kjellfp wrote:PatmaxDaddy wrote:More on estimating N(4x4):

Back on April 22 "tinfoil" gave a method for estimating N(3x3) that produced 6.6571e21, which, although it wasn't known at the time, is only about 0.2% off of the correct value. This method easily generalizes to any size Sudoku grid:

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` 2k`

b(k)

N(k x k) = -----------

2 k(k-2)

(k )!

where b(k) is the total number of solutions for band 1 when box 1 contians one fixed permutation of symbols.

Nice generalization, this can be used on nxm-sudoku for every n and m, and becomes a generalization of my 3xn-estaimates in

http://forum.enjoysudoku.com/viewtopic.php?t=44&start=412 and

http://forum.enjoysudoku.com/viewtopic.php?t=44&start=416. (What a coincidence on the url: 44 and 416...

)

In general: Let b(n,m) be the number of ways to create the bands of nxm boxes (that is n rows, m columns in each box, n boxes in a band). To make the formula clearer, I say any band, regardless of symbol permutation in the first box.

Then the estimate of numbers of nxm-sudoku is

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` m n`

b(n,m) * b(m,n)

N(n x m) = -----------------

nm

(nm)!

This is how: Let X be the space of (nm)x(nm)-grids built by legal sudoku bands, but with no attention put on wether the columns follow the rules of Sudoku. The size of X is b(n,m)^m. Let also Y be the set of grids built by legal stacks with no attention put on the rows, #Y is then b(m,n)^n.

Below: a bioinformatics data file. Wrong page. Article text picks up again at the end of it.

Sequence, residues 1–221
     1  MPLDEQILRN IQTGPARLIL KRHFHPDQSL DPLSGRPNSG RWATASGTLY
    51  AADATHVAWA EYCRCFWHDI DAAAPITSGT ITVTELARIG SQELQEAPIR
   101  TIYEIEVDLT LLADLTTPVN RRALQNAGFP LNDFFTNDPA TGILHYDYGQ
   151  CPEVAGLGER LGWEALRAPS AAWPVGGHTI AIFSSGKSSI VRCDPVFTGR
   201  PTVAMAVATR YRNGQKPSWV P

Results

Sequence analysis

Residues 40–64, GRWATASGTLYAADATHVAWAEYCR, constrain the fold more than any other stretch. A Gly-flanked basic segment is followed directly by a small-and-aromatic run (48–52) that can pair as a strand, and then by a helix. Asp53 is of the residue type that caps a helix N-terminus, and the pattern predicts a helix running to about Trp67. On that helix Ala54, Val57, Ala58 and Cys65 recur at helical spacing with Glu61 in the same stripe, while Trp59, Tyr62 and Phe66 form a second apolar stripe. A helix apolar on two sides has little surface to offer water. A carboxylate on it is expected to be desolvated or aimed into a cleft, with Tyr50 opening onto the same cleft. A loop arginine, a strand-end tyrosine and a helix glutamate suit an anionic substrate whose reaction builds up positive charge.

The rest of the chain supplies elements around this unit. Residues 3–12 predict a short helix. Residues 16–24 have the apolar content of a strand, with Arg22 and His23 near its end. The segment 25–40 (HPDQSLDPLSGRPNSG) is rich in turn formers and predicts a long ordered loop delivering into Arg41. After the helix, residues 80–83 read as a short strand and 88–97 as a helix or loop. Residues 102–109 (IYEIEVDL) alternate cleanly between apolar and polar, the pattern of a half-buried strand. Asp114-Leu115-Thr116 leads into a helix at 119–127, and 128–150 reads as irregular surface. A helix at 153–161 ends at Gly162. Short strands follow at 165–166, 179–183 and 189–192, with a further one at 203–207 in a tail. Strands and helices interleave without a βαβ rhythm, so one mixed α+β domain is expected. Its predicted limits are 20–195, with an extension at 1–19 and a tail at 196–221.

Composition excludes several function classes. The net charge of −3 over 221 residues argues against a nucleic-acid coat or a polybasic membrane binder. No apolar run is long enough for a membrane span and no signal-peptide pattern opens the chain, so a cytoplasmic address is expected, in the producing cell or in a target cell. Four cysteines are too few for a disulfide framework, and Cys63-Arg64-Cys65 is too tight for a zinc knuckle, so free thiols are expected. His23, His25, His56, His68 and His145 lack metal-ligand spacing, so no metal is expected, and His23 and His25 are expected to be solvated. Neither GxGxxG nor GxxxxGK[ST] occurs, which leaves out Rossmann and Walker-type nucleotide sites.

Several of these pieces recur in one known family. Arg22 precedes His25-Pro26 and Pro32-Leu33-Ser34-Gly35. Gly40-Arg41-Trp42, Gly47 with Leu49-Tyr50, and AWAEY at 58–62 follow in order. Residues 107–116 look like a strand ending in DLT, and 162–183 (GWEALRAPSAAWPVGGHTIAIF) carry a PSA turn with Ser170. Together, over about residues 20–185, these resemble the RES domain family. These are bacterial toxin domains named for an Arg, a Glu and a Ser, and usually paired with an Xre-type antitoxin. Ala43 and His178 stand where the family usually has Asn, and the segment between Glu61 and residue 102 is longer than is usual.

The nxm-sudoku grids are then the intersection of X and Y. A random x in X and y in Y are identical in a given box with probability (nm)!, and under the assumption that these probabilities are independent for each box, we arrive at the estimate above.

Btw. you should be credited for the number of legal bands in 4x4-sudoku in the Wikipedia M.o.S-page, though you didn't spell it out. It's just 16!*b(4) = 973038982740573238251518542982676480000 [Edit: I have now put you on M.o.S]

The reduction factor (n*n!)^n*n suggest no independence. For including a certain dependence, I tried (n*n! - f(n))^n*n.

Now, for n=1 f(n)= 0.

For n=2 f(n)= 3/4 reduces the error from 11.1% to 0.925%

For n=3 f(n) = 3/4*128 = 96 reduces the error from 0.207% to 0.031%

I suggest f(n) = (3/4)*(n-1)^(n*n - 2)

but I am missing a good heuristic argument for it.

B.t.w. the correction will be slowing down very fast for larger n.

For n=5 the number of Sudoku solutions is

4.36478 90633 27 E308 for f(5) = 0 and

4.36478 9063699 E308 for(5) according to the above suggestion

At least, the suggestion for f(n) helps in knowing how many of the most significant digits are correct, iff we can give a heurictic argument for f(n).